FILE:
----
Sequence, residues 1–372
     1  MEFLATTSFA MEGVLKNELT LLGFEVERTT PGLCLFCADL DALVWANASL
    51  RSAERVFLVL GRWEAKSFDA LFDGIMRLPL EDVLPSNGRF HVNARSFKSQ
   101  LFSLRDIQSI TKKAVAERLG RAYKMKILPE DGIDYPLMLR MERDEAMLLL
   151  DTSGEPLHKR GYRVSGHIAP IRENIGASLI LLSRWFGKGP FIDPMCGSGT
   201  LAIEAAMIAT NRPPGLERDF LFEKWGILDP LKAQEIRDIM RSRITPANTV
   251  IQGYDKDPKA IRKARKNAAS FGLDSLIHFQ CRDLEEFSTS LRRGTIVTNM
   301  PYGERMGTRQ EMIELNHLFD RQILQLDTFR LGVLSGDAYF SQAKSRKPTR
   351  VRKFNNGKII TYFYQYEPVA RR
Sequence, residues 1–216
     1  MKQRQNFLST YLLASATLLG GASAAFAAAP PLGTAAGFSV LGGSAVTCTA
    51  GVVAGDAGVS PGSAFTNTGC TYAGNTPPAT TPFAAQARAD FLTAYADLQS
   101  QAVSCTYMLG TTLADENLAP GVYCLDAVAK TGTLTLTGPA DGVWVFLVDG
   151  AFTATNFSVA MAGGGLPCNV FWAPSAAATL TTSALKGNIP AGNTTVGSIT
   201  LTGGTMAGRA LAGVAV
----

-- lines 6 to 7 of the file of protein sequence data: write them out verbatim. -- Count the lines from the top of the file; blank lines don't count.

   201  LAIEAAMIAT NRPPGLERDF LFEKWGILDP LKAQEIRDIM RSRITPANTV
   251  IQGYDKDPKA IRKARKNAAS FGLDSLIHFQ CRDLEEFSTS LRRGTIVTNM